A camera was installed on top of the fin to photograph wool tufts on the left wing. These showed that the aircraft was aerodynamically smooth. The aircraft flew very well and turned out to be easier to control and land than had been anticipated.

I did the last three flights of the glider. By default, I became the only pilot to have flown both the glider and the fighter aircraft. When I flew the HF-24 fighter three years after the glider, I found its stall behaviour identical to the glider except for the rather large stall warning (around 28 knots). On my third flight (86th of the glider) with Gp Capt S Chenna Keshu in the rear seat, the glider was damaged during landing with the nose wheel retracted which had failed to come down. It never flew again.

The anti-spin chute of the glider was never used as no spin trials were ever done on it. This was just as well. Wind tunnel test were carried out abroad. These conclusively showed that the aircraft was quite difficult to put into a spin but impossible to recover from it The full scale HF-24 Glider was perhaps the last one to be made in the world. It was a magnificent effort even though it may not have contributed too much to design and development of its fighter version.

Kind courtesy Gp Capt Kapil Bhargava (Retd) and Bharat Rakshak.

http://www.bharat-rakshak.com/IAF/History/1950s/Kapil-Glider.html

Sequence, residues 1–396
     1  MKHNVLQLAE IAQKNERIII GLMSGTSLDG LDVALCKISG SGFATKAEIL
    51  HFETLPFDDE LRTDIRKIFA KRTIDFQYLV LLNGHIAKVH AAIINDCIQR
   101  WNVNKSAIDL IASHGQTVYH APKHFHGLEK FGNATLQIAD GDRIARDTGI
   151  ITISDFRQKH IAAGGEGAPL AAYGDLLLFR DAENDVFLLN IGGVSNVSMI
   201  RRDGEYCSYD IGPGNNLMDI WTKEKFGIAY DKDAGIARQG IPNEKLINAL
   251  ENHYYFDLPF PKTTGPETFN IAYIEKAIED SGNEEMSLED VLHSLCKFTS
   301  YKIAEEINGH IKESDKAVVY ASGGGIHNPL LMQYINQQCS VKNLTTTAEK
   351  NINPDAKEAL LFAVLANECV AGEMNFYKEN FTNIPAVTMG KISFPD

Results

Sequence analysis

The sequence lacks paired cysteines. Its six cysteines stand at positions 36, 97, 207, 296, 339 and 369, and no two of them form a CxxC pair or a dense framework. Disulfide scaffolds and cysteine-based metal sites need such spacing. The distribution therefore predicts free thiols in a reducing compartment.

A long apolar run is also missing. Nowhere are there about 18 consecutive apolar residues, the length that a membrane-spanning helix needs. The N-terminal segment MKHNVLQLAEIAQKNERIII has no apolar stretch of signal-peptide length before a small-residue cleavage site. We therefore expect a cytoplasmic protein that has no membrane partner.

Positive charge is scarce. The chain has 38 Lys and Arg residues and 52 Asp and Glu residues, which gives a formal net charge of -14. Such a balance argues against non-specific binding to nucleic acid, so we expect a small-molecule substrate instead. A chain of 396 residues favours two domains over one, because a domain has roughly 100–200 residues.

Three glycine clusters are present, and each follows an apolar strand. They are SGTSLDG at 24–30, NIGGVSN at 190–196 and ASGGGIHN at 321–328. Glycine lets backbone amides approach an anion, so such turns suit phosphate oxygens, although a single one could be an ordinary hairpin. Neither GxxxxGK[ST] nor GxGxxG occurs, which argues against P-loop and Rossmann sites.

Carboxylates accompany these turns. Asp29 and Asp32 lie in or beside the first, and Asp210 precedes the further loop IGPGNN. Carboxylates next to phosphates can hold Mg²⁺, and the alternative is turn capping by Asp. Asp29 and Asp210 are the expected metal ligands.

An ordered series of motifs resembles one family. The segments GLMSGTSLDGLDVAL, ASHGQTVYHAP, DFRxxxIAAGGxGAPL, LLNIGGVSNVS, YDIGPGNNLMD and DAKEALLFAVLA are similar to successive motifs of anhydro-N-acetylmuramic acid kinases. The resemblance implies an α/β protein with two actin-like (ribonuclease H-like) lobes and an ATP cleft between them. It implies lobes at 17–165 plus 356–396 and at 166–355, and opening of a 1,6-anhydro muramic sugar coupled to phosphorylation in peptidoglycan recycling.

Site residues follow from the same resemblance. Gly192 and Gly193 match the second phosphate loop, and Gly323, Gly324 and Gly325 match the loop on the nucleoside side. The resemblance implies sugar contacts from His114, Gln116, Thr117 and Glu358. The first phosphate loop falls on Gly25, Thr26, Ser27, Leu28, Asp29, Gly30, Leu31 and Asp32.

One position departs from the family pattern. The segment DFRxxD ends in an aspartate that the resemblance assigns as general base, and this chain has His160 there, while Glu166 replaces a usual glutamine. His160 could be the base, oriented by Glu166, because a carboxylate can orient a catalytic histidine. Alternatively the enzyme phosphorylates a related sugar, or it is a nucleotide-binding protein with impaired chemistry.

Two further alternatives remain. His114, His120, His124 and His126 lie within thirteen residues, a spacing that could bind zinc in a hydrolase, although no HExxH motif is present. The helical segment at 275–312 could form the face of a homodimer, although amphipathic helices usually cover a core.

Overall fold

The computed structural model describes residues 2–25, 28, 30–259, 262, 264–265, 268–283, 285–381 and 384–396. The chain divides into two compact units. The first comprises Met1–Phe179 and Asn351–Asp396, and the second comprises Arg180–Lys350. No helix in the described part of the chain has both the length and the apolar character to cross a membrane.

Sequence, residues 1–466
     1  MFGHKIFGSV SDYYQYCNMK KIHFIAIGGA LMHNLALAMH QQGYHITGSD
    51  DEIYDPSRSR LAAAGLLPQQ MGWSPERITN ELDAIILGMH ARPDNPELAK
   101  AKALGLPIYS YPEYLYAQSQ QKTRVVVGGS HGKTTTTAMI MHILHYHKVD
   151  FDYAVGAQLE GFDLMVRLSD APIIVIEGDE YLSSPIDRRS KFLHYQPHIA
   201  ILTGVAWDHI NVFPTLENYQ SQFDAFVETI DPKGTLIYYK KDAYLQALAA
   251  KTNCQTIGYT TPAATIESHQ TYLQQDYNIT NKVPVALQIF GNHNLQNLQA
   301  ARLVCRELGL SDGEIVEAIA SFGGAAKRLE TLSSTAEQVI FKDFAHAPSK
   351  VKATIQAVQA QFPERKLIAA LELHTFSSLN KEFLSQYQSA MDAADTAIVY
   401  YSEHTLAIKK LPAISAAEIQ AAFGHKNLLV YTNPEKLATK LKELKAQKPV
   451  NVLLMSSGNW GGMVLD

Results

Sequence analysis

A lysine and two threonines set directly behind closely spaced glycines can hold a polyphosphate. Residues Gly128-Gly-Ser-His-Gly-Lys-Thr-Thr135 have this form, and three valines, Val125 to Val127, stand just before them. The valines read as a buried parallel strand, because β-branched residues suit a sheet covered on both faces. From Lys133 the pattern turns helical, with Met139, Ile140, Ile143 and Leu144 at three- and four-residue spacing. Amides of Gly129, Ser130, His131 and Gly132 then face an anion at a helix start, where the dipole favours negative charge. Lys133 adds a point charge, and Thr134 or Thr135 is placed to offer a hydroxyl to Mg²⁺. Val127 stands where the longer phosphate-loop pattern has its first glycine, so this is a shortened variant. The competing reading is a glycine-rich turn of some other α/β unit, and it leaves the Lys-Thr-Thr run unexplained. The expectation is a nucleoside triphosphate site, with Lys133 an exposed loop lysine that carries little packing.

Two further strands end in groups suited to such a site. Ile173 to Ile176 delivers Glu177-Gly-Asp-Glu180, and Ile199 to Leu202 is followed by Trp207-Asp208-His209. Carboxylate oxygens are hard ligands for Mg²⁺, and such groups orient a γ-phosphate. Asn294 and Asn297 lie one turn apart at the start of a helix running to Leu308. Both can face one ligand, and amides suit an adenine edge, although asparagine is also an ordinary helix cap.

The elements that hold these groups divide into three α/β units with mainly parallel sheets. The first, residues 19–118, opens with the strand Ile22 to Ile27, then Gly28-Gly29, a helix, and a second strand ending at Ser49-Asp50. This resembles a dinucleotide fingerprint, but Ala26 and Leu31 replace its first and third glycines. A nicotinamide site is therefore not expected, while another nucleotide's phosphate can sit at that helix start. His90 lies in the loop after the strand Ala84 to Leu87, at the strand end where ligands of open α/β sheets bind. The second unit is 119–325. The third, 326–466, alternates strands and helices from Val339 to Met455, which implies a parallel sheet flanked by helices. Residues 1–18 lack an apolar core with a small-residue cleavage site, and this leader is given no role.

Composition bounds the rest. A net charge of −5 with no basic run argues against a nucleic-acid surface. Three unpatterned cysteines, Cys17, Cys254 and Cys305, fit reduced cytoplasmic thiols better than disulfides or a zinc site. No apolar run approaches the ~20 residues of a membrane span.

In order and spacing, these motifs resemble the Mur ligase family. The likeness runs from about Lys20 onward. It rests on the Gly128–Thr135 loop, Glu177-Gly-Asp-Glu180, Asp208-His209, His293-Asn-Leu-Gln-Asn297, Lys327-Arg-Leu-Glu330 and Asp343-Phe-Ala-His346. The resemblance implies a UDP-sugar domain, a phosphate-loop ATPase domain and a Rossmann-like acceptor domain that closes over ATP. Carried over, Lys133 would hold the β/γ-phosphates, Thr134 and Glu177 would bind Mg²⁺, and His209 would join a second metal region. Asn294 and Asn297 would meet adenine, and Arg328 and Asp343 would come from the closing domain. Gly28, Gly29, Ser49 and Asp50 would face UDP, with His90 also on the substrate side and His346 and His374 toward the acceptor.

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3 Responses to The Marut Learns to Fly

  1. VK Murthy says:

    sir,
    I read this Blog only now. Very interesting and informative to know the back ground history of HF-24 .We would like to know more details to understand and value the great contribution made by veterans like you.

    VK murthy

  2. jagbag says:

    A really informative piece thanks Kapil sir… Also this superior design wich was highly stable probably prevented the spin referred to by W/C Sanadi. In a way if the aircraft had easily flicked into a spin there may have been even more tales with grievous consequences. Also the swept bank wing planform must have assisted the lateral dynamic stability. In a way we learnt from the mistakes of the Gnat and thank the Germans for the insistence of Stability over Maneuvrability. Would love to hear more!!!!

  3. Prakash Sanadi says:

    Brilliant History of the WINGED SPIRIT. No wonder the trainer D1697 refused to go into a spin but did that HAMMER STALL!!!
    Sandy